Gen 3 ~ Eat the fruit and die. Seeing as they are only alive as God breathed (soul-same word) into Adam that may infer that his soul will die.
Ezek 18 ~ The soul who sins will dies. (Here soul seems to mean person)
This however, as I'm sure you're shouting now, is at best loose.
It also came to me that the Bible speaks of Immortality being granted to the believer as a gift granted to the believer? If that was the case then how can the soul (of an unbeliever) be ontologically immortal? Here are a few texts:
Rom 2:7 ~ Eternal life given to those who by doing good seek glory and immortality.
1 Cor 15:53-54 ~ Mortal clothed with (given) immortality showing that death has been swallowed up.
1 Tim 6:15-16 ~ Only God is immortal.
2 Tim 1:10 ~ Jesus has destroyed death and brought immortality through the gospel.
So here immortality is of God and is granted to those who accept the gospel. I think this makes clear then that the soul isn't immortal in itself but rather has immortality granted (redeemed?) through the gospel.
This obviously lead me to ask what this means for the concept of Hell. Either the 'traditional' view is incorrect or God must make people immortal so that he can punish them forever, which seems inconsistent with what the Bible teaches about immortality. What we will do in a moment then is look at the 'key' passages which relate to this debate. Before we do that we are going to address where the word Hell comes from. As with many concepts we use English words to translate Biblical concepts. E.g. Evangeline=Gospel, Ekklisia= Church. The same is true with Hell. It is a Pagan word, of Norse background and related languages and traditions (so Wiki tells me), to refer to the after life, the hidden place. Nothing wrong with that in itself as Jesus does it (Hades= place of the dead in Greek mythology) but what I am concerned with is that this one word is used to translate various works which signify different things. They are: Sheol (Hb)/ Hades (Gk), Gehenna (Gk) and Tartarus (Gk).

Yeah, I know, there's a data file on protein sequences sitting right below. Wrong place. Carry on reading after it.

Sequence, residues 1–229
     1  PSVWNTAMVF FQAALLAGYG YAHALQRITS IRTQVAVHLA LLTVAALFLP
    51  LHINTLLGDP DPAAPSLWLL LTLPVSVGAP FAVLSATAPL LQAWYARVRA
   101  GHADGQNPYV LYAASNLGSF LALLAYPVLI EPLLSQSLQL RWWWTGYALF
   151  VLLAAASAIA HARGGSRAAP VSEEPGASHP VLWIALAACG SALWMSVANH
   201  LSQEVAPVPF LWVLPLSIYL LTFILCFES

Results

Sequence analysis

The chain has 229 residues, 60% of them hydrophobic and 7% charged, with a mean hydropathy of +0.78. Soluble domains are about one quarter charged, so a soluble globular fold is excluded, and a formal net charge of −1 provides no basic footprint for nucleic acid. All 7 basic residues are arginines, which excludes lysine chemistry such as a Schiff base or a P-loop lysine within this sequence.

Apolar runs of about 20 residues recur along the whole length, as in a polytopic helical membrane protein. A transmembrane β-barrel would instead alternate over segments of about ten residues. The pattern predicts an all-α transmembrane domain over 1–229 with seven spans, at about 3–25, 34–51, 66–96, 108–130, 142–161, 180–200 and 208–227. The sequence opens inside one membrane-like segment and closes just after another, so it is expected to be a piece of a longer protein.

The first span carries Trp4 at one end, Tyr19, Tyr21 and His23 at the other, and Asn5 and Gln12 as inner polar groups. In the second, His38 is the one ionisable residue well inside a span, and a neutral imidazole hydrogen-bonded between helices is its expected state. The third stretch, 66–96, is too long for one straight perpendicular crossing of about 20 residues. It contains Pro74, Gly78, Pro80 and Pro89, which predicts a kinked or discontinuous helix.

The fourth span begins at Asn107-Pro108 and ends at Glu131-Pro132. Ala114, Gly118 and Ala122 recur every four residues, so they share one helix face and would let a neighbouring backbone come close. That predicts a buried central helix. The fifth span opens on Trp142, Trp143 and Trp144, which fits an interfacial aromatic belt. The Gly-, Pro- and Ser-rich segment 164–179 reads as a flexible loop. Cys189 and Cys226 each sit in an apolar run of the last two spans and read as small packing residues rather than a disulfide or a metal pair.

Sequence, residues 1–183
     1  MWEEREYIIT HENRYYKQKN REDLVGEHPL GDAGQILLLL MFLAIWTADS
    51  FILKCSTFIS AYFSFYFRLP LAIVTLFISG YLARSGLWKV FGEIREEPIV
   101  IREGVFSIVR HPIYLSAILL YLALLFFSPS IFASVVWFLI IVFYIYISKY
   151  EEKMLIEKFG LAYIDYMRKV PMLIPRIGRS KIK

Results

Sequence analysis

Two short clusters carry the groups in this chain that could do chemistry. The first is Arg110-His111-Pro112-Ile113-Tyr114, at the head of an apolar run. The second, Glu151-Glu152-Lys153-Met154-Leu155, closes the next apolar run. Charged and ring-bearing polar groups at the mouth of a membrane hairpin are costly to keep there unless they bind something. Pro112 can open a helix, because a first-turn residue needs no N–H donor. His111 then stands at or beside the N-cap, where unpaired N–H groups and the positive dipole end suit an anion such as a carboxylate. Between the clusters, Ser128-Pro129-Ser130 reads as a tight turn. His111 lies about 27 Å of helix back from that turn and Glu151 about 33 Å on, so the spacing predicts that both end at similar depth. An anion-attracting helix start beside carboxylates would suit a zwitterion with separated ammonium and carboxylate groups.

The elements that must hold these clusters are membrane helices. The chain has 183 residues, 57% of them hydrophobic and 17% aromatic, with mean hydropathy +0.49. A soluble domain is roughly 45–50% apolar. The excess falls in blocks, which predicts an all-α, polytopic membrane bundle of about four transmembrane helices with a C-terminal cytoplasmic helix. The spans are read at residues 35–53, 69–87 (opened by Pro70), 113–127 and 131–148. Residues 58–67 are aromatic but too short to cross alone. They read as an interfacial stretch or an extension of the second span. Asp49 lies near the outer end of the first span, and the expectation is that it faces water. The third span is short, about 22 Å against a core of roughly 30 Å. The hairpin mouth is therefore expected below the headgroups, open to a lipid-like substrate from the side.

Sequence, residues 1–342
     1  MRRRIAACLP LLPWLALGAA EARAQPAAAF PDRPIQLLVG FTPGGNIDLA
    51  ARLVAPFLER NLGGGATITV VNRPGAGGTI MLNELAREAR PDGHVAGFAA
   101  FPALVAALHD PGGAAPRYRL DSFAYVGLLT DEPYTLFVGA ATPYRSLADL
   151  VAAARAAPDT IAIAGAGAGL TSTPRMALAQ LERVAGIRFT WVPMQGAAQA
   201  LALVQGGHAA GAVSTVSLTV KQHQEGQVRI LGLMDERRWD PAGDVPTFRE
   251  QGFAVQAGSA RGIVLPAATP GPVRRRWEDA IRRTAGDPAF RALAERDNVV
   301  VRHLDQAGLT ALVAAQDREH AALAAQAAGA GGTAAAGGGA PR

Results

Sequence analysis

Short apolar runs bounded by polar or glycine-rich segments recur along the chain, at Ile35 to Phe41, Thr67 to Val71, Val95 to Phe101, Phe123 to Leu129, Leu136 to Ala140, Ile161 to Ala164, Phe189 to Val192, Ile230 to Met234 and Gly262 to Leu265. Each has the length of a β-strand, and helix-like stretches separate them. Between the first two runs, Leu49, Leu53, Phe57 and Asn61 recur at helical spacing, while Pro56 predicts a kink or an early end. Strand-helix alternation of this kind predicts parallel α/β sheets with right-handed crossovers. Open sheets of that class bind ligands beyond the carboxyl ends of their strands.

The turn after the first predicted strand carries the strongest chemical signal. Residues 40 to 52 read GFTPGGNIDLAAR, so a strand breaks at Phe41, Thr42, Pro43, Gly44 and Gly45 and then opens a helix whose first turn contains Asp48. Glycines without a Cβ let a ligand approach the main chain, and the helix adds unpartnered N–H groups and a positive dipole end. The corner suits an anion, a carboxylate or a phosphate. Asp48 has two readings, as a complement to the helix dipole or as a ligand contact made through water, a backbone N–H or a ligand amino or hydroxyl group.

Sheol/Hades: Hades is the word that is used to translate Sheol in the NT (E.g. Acts 2:27 quoting Psalm 16:10). It is the place where all the dead go once they die, believer and unbeliever alike, till 'the day' when they will be resurrected and judged. A debate can be made for a separation of Hades (as in Greek mythology) for the good and the wicked, E.g. Luke 23:43 "Today you will be with me in Paradise") although its difficult at this word is only used 3 times and the other two are used to talk of Heaven/New Earth. I think there is a case for separating them however as 2 Pet 2:9 seems to suggest that the ungodly will be punished whilst being held: "if this is so, then the Lord knows how to rescue godly men from trials and to hold the unrighteous for the day of judgment, while continuing their punishment". I must say I'm not set on this, but it is a possibility. Anyway, here are the words used:
Gehenna: Properly 'Valley of Hinnom'. A valley outside Jerusalem, which by Jesus' time was a rubbish pit used to burn rubbish in. In the OT it was a place where people sacrificed their children to Molech, built [temples] for Baal, and used fortune-telling, omens and sorcery, and dealt with mediums and necromancers. (2 Chron 28:3; 33:6; Jer 7:31; 7:32; 19:2; 19:4; 19:6; 32:35) Of particular note for out study now is Jer 7:32-33, "So beware, the days are coming, declares the LORD, when people will no longer call it Topheth or the Valley of Ben Hinnom, but the Valley of Slaughter, for they will bury the dead in Topheth until there is no more room. Then the carcasses of this people will become food for the birds of the air and the beasts of the earth, and there will be no one to frighten them away." It is also worth noting that it was here that criminals were thrown after crucifixion and probably where Jesus would have ended up if it weren't for Joseph asking for the body to bury.
Tartarus: The lower region of Hades where the Titans were kept in Greek mythology. It is only mentioned once in the Bible, 2 Pet 2:4, "...God did not spare angels when they sinned, but sent them to hell, putting them into gloomy dungeons to be held for judgment..." In Greek mythology the Titans, the sons of Gaia (Earth) and Uranus (Heaven) [N.B. Uranus was Gaia's husband and son!] were held here. (Anyone noticing a similarity with I Enoch?) Anyway, this is the place where the [fallen] angels were locked ready for judgement, and I do not feel if actually relevant to this debate so we shall not address this any further in this post.